Peter Bakowski was born in Melbourne in 1954 to Polish-German parents.
He writes his poems on an Apple MacBook and sometimes by hand on postcard-sized index cards. When doing so keeps in mind the following three quotes—
“Use ordinary words to say extraordinary things” – Arthur Schopenhauer.
“Writing is painting” – Charles Bukowski
“Make your next poem different from your last” – attributed to Robert Frost.
His blog is

Some observations and a wish
    for Ron Padgett

Time is lost more often than it’s found.

Be wary of having too many intentions.

Make the rut you’re in as uncomfortable as possible.

Don’t dwell in dark places unless it’s to gain empathy

for those who dwell in dark places.

No one is born with a conscience.

One person’s misbehaviour is another person’s missed behaviour.

Real progress will occur once we’ve turned dandruff into a fuel.

During your life the speed at which you remove your clothes may vary.

If pigs could fly, there’d be less bacon.

To ants, a twig is a battering ram.

May your mind resist the impulse to be a closed fist.

City workers during morning rush hour, Collins Street, Melbourne, 2013

Perhaps not fully awake, elbowed and bumped, you alight from trams,
Exit Parliament Station, to join the ballet of the brisk.
Rebel by sitting on a park bench. Such a luxury may incite a
Scowl on a passing face. Reading the
Obituaries in The Age, you’ll learn how often a certain
Nuclear scientist was married. This knowledge of a more troubled life may
Allow you to take a break from painting the town grey.
Look at the bird‐borrowed sky. It’s not raining rats and tarantulas.

What a gift is hunger. Because of it your ancestors left their caves,
Explored plains, valleys, rivers, seas. These
Adventures became paintings, songs, tall tales, family legends, headlines.
There’s the story of each person, on the trains, trams and street corners.
How vulnerable you are, how strong you are. I want to reveal your
Essence via the camera of this poem, as you swarm and
Rush in the business district, glancing at your wristwatches.

Portrait of Erik Satie, Paris, October, 1899

Granted these days, my number of tomorrows unknown, I resist
Rushing. Leave me to amble through Paris, which enchants
And confounds me, as would an octopus with feathers.
The way sunlight falls through the horizontal slats of a park bench
Interests me more than many paintings in the Louvre. Much art is
Tired. It needs to pull more than rabbits out of hats. Children
Understand my music. Their ears are not full of hair, politics and
Dinner party gossip. Meanwhile I stroll, pause at a favoured café,
Eavesdrop, watch the ballet of waiters gliding from kitchen to table.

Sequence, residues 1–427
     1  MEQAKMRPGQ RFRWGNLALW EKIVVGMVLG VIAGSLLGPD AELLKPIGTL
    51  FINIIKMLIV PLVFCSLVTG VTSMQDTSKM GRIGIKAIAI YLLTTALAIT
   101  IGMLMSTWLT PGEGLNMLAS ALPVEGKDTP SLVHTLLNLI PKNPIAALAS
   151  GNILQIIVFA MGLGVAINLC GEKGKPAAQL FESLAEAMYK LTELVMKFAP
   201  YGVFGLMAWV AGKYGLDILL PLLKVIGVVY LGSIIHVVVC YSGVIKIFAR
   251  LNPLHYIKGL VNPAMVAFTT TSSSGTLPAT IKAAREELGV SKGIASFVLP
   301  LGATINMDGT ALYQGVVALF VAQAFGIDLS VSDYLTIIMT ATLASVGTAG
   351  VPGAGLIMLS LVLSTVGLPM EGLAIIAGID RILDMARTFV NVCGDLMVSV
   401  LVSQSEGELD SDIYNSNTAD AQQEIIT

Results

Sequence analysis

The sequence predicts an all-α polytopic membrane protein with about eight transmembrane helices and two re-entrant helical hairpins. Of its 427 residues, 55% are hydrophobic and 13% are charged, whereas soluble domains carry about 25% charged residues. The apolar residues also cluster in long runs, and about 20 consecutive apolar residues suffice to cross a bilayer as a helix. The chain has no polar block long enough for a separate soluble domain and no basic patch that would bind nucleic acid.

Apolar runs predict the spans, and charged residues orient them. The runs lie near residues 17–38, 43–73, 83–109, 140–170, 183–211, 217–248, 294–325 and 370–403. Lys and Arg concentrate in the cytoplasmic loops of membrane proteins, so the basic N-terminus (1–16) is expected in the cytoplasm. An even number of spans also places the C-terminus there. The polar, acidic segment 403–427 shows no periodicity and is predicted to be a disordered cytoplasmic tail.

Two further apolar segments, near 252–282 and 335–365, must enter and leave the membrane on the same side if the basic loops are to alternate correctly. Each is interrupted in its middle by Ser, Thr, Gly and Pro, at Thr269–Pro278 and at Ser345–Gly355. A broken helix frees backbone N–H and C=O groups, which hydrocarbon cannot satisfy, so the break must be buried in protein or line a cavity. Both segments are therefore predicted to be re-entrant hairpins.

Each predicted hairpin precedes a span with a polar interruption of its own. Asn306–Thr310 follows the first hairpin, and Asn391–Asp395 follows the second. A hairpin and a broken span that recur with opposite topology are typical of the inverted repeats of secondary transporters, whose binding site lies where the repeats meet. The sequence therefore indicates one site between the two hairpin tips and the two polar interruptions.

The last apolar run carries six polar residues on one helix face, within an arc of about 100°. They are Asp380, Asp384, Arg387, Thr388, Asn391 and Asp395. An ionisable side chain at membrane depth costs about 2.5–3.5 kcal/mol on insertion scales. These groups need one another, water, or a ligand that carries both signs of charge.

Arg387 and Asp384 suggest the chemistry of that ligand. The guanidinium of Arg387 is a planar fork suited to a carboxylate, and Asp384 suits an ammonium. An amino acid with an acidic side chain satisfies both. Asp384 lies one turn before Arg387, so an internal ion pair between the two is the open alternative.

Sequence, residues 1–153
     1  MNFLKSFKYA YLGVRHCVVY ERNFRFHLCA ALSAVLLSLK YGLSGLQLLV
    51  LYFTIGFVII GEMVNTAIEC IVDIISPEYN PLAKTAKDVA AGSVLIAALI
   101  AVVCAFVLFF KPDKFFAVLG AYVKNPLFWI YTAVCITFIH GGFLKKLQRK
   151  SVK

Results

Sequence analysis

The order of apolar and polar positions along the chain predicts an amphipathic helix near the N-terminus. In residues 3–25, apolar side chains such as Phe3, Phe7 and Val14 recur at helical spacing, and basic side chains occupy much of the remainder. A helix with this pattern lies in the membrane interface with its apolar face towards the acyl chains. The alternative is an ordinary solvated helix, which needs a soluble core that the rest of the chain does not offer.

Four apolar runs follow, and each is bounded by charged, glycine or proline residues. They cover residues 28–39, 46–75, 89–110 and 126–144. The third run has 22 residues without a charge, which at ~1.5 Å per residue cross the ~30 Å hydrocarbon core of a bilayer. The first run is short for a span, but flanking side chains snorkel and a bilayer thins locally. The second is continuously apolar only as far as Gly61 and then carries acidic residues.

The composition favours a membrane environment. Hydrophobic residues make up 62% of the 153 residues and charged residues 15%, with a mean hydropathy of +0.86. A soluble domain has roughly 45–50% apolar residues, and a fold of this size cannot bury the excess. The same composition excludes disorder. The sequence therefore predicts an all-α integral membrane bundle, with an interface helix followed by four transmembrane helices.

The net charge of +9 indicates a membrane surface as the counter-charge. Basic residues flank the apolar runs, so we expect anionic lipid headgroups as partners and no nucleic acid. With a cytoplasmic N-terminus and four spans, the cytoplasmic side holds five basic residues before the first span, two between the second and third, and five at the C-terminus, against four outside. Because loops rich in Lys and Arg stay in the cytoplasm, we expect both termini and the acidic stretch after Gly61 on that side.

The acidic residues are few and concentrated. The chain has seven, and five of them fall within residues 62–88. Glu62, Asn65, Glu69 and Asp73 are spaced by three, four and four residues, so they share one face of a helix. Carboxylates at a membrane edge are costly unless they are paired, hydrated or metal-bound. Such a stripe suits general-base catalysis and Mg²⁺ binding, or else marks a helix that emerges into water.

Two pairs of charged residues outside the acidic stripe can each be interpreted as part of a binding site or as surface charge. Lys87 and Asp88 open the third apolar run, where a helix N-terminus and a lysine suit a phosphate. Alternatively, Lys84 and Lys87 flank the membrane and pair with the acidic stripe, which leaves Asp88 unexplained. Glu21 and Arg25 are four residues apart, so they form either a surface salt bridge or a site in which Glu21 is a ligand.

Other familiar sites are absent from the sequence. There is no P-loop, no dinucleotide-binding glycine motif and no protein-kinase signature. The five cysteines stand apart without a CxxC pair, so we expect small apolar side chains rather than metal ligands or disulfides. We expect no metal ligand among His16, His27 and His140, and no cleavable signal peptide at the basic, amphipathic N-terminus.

Self-portrait, Melbourne, 19 September, 2012

I’m many selves, some are intimidated by authority figures.
Disapproval, its possibility, makes them hide in the dark beneath my ribs.
Emergent selves must believe no predators are near, ready to break their spines.
Not too social some of my selves. In being alone they get their best thinking done.
Tentative, they observe rather than participate, prefer libraries to dance floors.
Insistent invitations make them grumpy. You can tell by their body language that
They’d rather be elsewhere, not politely asking, “And how do you earn a living?”
Yet they can be kind to the shy. “That was me once,” they’ll say to each other.

The paper dolls

we had to dance
for a visitor’s amusement.

we are pinned
to a wall.

Our pencilled eyes
can’t blink away the dust.

Pale, thin,
we grip each other’s hands

and tremble
whenever the door

Frog in ornamental pond, Fitzroy Gardens, East Melbourne

I leap and swallow,
kick-swim down
to the cooling depths.
The afternoon suggests nothing less
than slow insect digestion.

Above me
a child’s shadow throws bread scraps
until called away by a disallowing voice.
The hulls of ducks bunch
then become orderly fleets.
There’s always a straggler.

Disturbed days too.
Surface hiss of cigarette butt,
splash and roll of beer can,
trespass of a Labrador —
green reeds bent or broken,
water shuddering.

Night is best.
My croaking
joins the slippery choir
of fellow frogs,
semi-submerged baritones.
We pause to look up at
our silver patrons, the stars,
sad that their applause
wont reach us
for light years.

This is where I belong—
learning the water, alert
to all manner of winged food,
when hailstones or a boy’s sharp stick
stab through the green skin of lily pads.

To be a frog
or not to be a frog?
Now, that’s an interesting question.

I’ll give you my answer
the next time someone
who hasn’t got cooking pot eyes
bends down to kiss me.


My sincere thanks to Peter for sending me these wonderful poems and allowing me to republish them on here.


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